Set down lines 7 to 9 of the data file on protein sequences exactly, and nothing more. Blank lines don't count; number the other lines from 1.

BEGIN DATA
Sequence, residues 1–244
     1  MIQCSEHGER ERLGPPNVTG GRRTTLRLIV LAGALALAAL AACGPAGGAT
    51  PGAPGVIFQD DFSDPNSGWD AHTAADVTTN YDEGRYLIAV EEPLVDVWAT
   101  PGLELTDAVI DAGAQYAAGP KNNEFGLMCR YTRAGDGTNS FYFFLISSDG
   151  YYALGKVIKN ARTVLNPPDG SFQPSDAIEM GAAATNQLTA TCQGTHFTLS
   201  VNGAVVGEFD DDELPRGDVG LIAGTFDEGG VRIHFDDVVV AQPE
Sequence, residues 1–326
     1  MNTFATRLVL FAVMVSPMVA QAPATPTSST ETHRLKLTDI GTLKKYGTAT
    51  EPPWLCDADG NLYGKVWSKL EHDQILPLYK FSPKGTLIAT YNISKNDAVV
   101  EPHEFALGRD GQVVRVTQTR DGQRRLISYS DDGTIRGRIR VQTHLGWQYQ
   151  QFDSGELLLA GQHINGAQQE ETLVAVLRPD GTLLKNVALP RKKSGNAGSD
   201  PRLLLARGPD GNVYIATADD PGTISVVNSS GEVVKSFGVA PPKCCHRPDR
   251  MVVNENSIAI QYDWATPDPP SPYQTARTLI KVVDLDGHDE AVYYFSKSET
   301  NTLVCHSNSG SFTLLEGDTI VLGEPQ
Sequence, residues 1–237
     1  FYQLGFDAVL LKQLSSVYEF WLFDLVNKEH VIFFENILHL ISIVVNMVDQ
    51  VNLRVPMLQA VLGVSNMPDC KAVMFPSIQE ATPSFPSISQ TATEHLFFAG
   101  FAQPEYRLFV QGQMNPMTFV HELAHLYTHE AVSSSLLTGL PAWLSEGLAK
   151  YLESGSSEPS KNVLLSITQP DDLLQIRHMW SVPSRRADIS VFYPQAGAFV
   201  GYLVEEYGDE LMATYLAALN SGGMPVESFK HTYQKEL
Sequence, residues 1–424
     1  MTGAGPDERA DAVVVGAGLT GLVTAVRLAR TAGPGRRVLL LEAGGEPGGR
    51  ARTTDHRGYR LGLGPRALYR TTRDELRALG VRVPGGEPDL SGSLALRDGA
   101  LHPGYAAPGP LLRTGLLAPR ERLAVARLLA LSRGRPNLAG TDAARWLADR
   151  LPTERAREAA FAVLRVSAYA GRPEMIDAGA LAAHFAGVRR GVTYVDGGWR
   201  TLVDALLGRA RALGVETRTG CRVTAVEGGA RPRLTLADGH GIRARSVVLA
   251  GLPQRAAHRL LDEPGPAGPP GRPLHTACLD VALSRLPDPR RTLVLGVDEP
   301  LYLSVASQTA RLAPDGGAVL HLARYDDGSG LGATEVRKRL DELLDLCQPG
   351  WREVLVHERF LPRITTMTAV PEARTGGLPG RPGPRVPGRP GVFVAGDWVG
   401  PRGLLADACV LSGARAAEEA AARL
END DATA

Sequence, residues 1–326
     1  MNTFATRLVL FAVMVSPMVA QAPATPTSST ETHRLKLTDI GTLKKYGTAT
    51  EPPWLCDADG NLYGKVWSKL EHDQILPLYK FSPKGTLIAT YNISKNDAVV